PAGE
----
Family reflects on Pope John Paul’s Vermont ties

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(Host) Twenty-five years ago Thursday, cardinals meeting in Rome elected Pope John Paul II the new leader of the Roman Catholic Church. Even before he became the most traveled pope in history, John Paul had paid a memorable visit to a farm in Vermont.

VPR’s Steve Zind reports.

(Zind) The large color photographs on the walls of her North Pomfret farmhouse attest to Anna Teresa Houthakker’s long friendship with Pope John Paul II. In one she’s greeting the him shortly after he became pope a quarter of a century ago. Another shows her standing next to the pope as he poses with a group from her church that made a pilgrimage to the Vatican three years ago. Over the years she’s visited the pope many times and keeps up a regular correspondence with him.

The two met in their native Poland in 1972. The pope was then Cardinal Karol Joseph Wojtyla, archbishop of Krakow. A philosopher and academic, Houthakker helped Wojtyla translate a book he’d written. Four years later, in July of 1976, Wojtyla visited the United States. He was invited to lecture at Harvard where Houthakker’s husband Hendrick was a professor. Before his Harvard appearance, the couple invited him to visit their home in Vermont.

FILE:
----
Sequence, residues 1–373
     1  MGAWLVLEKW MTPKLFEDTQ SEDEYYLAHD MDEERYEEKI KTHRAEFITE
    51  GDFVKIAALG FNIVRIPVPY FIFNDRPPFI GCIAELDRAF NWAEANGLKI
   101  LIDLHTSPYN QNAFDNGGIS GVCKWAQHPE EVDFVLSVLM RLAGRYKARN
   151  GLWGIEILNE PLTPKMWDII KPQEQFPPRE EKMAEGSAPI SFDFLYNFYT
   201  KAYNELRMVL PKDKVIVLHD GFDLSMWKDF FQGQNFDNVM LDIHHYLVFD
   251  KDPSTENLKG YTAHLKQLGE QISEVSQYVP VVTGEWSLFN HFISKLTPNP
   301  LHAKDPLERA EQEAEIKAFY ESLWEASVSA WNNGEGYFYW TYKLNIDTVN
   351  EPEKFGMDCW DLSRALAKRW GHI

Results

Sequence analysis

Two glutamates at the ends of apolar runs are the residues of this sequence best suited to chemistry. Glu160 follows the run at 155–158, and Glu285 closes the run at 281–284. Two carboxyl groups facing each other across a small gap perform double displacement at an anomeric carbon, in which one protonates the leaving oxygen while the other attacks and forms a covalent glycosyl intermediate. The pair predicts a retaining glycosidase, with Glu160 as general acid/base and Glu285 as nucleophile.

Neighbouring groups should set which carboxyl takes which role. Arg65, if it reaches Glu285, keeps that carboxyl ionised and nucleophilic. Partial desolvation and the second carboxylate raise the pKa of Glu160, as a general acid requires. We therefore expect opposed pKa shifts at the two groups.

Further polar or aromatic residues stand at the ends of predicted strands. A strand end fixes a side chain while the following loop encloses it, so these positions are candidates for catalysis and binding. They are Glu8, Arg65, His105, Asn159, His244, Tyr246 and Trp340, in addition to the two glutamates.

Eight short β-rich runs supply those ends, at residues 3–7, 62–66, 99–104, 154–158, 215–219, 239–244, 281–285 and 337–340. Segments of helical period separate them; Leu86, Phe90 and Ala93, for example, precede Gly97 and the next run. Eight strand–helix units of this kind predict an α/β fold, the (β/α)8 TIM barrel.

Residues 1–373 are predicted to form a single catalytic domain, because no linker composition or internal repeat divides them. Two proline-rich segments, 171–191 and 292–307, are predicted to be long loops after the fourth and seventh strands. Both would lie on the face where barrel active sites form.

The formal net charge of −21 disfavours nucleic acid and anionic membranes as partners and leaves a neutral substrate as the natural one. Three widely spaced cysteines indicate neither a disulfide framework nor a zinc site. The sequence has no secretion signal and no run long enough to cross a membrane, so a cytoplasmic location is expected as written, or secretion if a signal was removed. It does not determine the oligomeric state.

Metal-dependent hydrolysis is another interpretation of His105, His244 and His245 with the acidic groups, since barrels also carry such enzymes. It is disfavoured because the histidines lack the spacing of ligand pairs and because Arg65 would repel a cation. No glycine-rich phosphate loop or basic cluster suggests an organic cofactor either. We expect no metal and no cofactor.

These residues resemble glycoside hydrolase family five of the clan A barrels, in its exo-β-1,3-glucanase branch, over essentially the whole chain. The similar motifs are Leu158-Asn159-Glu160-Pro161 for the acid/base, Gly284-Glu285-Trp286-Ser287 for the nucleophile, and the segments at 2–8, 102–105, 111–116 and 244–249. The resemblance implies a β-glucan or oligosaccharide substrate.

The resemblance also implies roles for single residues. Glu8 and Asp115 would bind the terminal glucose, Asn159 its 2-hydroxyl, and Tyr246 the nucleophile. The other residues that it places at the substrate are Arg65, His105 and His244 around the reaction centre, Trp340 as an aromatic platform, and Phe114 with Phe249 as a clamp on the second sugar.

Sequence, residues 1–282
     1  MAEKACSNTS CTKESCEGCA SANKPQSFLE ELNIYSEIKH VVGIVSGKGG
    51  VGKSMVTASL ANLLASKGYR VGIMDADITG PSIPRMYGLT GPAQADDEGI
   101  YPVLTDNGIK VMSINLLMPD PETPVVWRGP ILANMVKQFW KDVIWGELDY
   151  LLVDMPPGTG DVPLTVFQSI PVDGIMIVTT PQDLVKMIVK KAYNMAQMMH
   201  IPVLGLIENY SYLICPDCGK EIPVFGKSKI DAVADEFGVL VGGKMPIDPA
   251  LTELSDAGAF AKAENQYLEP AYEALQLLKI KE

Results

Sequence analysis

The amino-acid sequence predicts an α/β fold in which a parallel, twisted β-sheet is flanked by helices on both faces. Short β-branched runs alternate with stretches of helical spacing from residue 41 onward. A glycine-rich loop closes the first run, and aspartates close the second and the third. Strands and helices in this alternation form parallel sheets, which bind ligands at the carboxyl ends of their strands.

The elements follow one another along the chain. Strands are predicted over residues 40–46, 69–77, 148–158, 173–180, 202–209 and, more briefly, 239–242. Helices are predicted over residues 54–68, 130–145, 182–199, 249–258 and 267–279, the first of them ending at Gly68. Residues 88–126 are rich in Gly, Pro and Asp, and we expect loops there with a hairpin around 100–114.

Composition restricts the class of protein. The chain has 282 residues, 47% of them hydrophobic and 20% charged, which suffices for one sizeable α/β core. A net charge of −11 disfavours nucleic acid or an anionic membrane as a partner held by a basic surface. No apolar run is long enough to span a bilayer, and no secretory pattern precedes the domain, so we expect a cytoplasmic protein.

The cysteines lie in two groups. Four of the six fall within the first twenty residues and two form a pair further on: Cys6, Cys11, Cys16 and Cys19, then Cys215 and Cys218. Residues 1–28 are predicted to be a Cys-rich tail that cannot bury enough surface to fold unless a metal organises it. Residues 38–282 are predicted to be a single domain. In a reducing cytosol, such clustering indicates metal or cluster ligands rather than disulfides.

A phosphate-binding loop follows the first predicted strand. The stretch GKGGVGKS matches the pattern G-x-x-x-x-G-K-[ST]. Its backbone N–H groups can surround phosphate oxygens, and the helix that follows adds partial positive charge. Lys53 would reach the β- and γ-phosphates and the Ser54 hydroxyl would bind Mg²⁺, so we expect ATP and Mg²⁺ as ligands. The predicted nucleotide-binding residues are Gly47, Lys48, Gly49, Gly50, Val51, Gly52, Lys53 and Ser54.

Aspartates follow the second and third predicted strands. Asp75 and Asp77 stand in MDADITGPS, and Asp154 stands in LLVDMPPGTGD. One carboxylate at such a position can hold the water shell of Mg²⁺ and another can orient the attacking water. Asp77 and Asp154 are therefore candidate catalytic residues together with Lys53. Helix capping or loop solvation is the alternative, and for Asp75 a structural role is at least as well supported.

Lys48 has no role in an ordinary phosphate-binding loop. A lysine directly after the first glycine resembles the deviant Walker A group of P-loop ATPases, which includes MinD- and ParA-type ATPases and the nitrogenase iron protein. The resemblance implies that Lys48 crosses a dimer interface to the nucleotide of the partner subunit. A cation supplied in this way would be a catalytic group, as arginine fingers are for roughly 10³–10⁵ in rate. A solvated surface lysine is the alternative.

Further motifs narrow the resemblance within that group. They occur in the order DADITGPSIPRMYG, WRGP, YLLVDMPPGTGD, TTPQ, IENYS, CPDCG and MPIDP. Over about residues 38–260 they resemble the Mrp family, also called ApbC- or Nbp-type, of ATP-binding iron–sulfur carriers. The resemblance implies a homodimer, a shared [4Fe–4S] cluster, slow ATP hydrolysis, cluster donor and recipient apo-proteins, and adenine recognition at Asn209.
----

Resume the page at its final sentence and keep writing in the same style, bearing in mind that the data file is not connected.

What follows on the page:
(Houthakker) “And so he came here before to relax and review his talk. We were reading together his lecture to make it more dramatic.”

(Zind) A month later, Wojtyla spent five more days relaxing in North Pomfret. A photograph taken during his visit shows the future pope in a tee shirt and shorts. He is looking at the camera, a slight smile on his face.

(Houthakker) “He was relaxing and enjoying nature. He was walking and saying his breviary on the trunk of a fallen tree on the meadow and sunning himself on the meadow. Picking wild berries, swimming….”

(Zind) Houthakker says the hills and fields of Pomfret reminded the pope of his home in Poland. While visiting, he conducted a daily, early morning Mass for the family under a plum tree in the backyard.

After his election as pope, the Houthakkers erected a rough-hewn stone under the tree, etched with the dates of his visit.

(Houthakker) “In the beginning when we put it up, we had truckloads of pilgrims to come and to see it, but now no more.”

(Zind) Houthakker thinks that one day pilgrims will return to this farm in South Pomfret. She believes in time the pope will be made a Saint for his tireless work despite his failing health in recent years.

(Houthakker) “So, I consider him a real martyr of the faith. He’s sacrificing himself to perform his duties and to bring to the world as much good inspiration as the world is capable of receiving. I think he will be very promptly beatified and canonized and then this place will become a sanctuary.”

(Zind) For Vermont Public Radio, I’m Steve Zind.

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